OBJECTIVES: Patients with COVID-19 frequently develop acute respiratory distress syndrome (ARDS) requiring intensive care unit (ICU) admission. Data on long-term survival of these patients are lacking. The authors investigated 1-year survival, quality of life, and functional recovery of patients with COVID-19 ARDS requiring invasive mechanical ventilation. DESIGN: Prospective observational study. SETTING: Tertiary-care university hospital. PARTICIPANTS: All patients with COVID-19 ARDS receiving invasive mechanical ventilation and discharged alive from hospital. INTERVENTIONS: Patients were contacted by phone after 1 year. Functional, cognitive, and psychological outcomes were explored through a questionnaire and assessed using validated scales. Patients were offered the possibility to undergo a follow-up chest computed tomography (CT) scan. MEASUREMENTS AND MAIN RESULTS: The study included all adult (age ≥18 years) patients with COVID-19-related ARDS admitted to an ICU of the authors' institution between February 25, 2020, and April 27, 2020, who received at least 1 day of invasive mechanical ventilation (IMV). Of 116 patients who received IMV, 61 (52.6%) survived to hospital discharge. These survivors were assessed 1 year after discharge and 56 completed a battery of tests of cognition, activities of daily living, and interaction with family members. They had overall good functional recovery, with >80% reporting good recovery and no difficulties in usual activities. A total of 52 (93%) of patients had no dyspnea at rest. Severe anxiety/depression was reported by 5 (8.9%) patients. Comparing 2-month and 1-year data, the authors observed the most significant improvements in the areas of working status and exertional dyspnea. One-year chest CT scans were available for 36 patients; fibrotic-like changes were present in 4 patients. CONCLUSIONS: All patients who survived the acute phase of COVID-19 and were discharged from the hospital were alive at the 1-year follow up, and the vast majority of them had good overall recovery and quality of life.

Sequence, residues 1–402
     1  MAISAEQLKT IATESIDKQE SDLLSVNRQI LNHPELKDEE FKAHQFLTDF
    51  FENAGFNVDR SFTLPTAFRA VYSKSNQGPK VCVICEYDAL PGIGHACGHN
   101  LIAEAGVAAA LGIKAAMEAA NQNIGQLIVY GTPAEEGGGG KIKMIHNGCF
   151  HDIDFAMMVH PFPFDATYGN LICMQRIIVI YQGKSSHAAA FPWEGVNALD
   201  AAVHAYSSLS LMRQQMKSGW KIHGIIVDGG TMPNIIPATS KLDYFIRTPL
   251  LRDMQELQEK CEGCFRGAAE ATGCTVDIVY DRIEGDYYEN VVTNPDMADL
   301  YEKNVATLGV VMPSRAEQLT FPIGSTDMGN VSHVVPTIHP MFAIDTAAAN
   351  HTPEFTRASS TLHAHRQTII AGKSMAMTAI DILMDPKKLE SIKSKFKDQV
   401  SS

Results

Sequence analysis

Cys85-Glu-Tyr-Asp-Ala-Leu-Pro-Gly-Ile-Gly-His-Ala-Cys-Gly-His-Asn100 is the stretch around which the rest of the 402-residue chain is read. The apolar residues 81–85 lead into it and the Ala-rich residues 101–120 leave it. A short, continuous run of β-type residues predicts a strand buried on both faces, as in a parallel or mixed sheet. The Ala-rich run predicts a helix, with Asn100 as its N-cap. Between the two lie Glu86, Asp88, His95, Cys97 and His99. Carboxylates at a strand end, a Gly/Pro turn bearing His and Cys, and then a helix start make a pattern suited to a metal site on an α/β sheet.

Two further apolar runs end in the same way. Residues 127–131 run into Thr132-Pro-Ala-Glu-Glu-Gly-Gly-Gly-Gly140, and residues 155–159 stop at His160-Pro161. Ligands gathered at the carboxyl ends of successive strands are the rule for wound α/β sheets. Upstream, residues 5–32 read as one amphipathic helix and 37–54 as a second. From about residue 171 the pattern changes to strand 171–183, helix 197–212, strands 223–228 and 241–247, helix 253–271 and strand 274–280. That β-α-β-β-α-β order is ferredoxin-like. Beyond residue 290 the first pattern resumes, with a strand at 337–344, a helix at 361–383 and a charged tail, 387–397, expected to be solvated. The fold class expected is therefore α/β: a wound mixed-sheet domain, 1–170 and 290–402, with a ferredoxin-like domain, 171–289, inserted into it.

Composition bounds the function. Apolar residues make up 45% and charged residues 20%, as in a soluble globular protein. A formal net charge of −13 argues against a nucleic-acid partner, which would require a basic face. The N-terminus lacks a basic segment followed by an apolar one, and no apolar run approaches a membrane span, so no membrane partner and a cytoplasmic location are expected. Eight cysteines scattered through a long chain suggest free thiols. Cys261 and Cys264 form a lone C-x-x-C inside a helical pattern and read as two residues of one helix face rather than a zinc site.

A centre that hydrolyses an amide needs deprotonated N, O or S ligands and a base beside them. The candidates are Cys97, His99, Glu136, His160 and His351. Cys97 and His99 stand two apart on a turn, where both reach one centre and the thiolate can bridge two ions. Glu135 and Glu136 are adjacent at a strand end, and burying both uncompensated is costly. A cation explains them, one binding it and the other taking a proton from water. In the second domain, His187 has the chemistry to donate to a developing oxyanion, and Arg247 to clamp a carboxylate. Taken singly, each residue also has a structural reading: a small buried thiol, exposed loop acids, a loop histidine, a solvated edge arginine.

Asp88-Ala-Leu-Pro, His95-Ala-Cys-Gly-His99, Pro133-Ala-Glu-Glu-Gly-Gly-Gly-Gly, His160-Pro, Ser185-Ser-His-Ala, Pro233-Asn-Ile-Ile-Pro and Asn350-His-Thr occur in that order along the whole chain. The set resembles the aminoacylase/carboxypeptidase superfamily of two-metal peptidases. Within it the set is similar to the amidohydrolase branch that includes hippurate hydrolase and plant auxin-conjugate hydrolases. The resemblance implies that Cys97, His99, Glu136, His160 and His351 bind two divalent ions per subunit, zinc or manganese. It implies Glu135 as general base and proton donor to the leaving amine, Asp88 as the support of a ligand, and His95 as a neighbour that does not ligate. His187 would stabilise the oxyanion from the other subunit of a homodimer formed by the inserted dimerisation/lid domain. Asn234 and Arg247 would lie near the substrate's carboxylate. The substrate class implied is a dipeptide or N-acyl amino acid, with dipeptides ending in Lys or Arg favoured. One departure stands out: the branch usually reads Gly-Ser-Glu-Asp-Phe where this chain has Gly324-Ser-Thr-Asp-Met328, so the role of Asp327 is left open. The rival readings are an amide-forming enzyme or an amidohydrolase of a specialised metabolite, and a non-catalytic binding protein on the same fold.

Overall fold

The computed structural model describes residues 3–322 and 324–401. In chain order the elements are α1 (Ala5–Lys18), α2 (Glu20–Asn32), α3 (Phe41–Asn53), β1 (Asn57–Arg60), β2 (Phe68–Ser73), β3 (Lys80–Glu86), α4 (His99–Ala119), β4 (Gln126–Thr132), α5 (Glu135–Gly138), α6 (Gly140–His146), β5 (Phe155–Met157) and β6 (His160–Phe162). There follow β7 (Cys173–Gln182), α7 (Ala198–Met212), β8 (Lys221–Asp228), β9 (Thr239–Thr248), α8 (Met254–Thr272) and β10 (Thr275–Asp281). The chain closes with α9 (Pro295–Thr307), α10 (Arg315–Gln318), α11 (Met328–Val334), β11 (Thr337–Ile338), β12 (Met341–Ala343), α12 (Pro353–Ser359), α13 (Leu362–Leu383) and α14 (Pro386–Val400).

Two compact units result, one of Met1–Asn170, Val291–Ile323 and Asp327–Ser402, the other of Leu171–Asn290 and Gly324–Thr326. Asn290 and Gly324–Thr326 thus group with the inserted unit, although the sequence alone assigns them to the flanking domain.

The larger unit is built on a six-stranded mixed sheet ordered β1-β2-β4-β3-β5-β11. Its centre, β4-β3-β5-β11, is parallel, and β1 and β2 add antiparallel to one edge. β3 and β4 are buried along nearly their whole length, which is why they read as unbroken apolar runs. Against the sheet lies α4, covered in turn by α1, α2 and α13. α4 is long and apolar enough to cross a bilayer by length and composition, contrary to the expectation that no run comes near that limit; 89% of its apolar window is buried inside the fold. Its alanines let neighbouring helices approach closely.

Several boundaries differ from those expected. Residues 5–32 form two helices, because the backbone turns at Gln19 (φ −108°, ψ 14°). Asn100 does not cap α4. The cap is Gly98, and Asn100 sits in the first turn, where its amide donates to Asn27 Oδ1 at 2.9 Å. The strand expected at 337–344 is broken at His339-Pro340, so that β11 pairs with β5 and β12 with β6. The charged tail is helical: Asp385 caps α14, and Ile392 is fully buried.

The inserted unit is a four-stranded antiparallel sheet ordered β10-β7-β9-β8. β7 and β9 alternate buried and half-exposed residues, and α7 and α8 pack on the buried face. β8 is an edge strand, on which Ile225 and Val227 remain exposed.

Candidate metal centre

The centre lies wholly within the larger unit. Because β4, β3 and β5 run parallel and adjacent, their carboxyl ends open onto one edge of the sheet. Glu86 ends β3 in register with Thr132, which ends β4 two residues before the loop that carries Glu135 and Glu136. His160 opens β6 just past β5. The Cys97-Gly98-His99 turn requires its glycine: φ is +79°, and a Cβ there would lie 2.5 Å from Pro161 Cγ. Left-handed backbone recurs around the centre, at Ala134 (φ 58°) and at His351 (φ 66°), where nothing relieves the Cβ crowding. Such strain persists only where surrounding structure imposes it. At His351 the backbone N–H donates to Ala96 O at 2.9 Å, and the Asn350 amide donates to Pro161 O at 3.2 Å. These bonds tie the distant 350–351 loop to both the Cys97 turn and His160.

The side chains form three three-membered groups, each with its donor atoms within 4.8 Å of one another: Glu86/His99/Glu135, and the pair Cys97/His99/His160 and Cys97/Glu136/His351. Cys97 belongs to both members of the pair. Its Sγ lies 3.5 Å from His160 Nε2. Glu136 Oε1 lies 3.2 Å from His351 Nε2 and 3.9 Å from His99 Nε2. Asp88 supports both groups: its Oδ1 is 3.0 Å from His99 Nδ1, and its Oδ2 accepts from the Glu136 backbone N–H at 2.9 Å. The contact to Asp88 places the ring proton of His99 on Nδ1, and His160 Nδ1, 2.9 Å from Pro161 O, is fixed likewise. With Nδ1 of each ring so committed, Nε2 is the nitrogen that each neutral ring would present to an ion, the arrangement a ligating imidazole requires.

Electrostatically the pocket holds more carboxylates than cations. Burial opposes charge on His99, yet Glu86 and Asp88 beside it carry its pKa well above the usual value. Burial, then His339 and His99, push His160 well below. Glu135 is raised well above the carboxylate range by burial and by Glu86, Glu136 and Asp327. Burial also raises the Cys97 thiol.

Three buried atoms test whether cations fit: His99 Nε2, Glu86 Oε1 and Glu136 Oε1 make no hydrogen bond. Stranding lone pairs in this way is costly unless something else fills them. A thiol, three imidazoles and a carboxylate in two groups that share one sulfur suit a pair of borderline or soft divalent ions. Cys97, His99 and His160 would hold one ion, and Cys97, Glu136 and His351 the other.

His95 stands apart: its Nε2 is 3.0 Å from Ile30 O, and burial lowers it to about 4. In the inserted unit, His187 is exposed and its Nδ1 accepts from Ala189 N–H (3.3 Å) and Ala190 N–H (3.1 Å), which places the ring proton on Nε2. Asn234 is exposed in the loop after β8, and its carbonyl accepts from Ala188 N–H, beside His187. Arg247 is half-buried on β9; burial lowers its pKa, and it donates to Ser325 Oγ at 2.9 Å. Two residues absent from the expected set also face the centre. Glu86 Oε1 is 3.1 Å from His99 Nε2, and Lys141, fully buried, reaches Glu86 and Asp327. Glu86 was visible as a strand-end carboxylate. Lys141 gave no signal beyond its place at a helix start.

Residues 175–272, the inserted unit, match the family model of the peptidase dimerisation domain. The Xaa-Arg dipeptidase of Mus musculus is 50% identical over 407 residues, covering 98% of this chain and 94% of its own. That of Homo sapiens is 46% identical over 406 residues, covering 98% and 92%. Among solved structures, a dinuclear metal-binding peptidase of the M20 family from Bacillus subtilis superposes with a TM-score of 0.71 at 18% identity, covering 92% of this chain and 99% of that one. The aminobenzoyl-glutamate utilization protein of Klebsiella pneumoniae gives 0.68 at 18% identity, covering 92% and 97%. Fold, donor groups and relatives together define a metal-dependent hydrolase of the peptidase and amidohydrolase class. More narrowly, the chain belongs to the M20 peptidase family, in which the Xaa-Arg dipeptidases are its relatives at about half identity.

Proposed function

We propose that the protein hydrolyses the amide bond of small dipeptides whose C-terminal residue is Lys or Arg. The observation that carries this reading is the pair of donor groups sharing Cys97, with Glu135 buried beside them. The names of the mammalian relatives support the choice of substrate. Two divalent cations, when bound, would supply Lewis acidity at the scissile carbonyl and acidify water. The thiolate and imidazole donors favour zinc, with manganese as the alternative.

Subject(s)
COVID-19 , Respiration, Artificial , Activities of Daily Living , Adolescent , Adult , COVID-19/therapy , Follow-Up Studies , Humans , Intensive Care Units , Quality of Life , SARS-CoV-2
5.
Eur J Clin Invest ; 52(1): e13703, 2022 Jan.
Article in English | MEDLINE | ID: covidwho-1488194

ABSTRACT

AIMS: Infection by SARS-CoV-2 may result in a systemic disease and a proportion of patients ranging 15%-44% experienced cardiac injury (CI) diagnosed by abnormal troponin levels. The aim of the present study was to analyse the clinical characteristics of a large series of hospitalized patients for COVID-19 in order to identify predisposing and/or protective factors of CI and the outcome. METHODS AND RESULTS: This is an observational, retrospective study on patients hospitalized in two Italian centres (San Raffaele Hospital and Cremona Hospital) for COVID-19 and at least one high-sensitivity cardiac troponin (hs-cTnt) measurement during hospitalization. CI was defined if at least one hs-cTnt value was above the 99th percentile. The primary end-point was the occurrence of CI during hospitalization. We included 750 patients (median age 67, IQR 56-77 years; 69% males), of whom 46.9% had history of hypertension, 14.7% of chronic coronary disease and 22.3% of chronic kidney disease (CKD). Abnormal troponin levels (median troponin 74, IQR 34-147 ng/l) were detected in 390 patients (52%) during the hospitalization. At multivariable analysis age, CKD, cancer, C-reactive protein (CRP) levels were independently associated with CI. Independent predictors of very high troponin levels were chronic kidney disease and CRP levels. Patients with CI showed higher rate of all-cause mortality (40.0% vs. 9.1%, p = 0.001) compared to those without CI. CONCLUSION: This large, multicentre Italian study confirmed the high prevalence of CI and its prognostic role in hospitalized patients with COVID-19, highlighting the leading role of systemic inflammation for the occurrence of CI.